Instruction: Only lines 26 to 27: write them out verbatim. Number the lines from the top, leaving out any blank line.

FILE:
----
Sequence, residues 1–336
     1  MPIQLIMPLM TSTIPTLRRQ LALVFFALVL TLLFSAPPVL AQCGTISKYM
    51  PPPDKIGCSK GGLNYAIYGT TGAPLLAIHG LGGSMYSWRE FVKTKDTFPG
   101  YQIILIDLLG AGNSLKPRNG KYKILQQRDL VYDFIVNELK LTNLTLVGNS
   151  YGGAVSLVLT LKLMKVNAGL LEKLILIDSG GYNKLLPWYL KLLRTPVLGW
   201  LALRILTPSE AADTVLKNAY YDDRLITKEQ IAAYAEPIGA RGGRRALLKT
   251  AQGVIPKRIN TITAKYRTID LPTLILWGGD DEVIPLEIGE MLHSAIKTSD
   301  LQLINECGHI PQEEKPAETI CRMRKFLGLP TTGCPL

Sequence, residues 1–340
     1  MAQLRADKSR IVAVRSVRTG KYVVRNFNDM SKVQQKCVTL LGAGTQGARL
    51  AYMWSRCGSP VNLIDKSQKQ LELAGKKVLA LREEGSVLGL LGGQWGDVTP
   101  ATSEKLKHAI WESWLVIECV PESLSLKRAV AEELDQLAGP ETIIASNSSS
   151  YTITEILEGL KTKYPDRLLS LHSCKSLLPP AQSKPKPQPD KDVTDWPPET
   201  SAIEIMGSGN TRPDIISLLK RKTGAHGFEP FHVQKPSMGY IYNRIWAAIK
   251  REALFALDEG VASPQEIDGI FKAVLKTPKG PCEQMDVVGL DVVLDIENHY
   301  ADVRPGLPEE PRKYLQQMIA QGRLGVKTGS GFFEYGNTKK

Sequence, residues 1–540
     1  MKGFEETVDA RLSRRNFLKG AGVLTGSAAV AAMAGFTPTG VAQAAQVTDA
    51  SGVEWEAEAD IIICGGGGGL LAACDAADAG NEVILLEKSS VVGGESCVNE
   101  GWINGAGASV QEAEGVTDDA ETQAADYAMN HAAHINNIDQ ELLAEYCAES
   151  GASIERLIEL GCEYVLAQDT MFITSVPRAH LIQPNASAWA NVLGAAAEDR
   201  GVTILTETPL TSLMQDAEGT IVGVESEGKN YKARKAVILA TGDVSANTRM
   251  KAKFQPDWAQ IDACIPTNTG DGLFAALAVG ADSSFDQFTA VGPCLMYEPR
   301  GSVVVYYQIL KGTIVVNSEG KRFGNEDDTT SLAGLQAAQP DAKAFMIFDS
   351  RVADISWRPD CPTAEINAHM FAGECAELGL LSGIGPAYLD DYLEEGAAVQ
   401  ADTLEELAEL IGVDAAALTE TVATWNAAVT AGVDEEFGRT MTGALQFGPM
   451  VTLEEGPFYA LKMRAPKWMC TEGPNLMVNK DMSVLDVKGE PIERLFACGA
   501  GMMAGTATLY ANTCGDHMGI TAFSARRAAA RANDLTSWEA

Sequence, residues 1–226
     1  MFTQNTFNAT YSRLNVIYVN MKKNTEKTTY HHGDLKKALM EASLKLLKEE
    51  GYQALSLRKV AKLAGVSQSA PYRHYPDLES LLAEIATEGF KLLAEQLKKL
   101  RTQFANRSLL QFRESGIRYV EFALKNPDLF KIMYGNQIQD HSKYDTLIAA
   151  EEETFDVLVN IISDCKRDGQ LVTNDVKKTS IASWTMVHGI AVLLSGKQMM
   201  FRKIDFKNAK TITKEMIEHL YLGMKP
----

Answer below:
   401  ADTLEELAEL IGVDAAALTE TVATWNAAVT AGVDEEFGRT MTGALQFGPM
   451  VTLEEGPFYA LKMRAPKWMC TEGPNLMVNK DMSVLDVKGE PIERLFACGA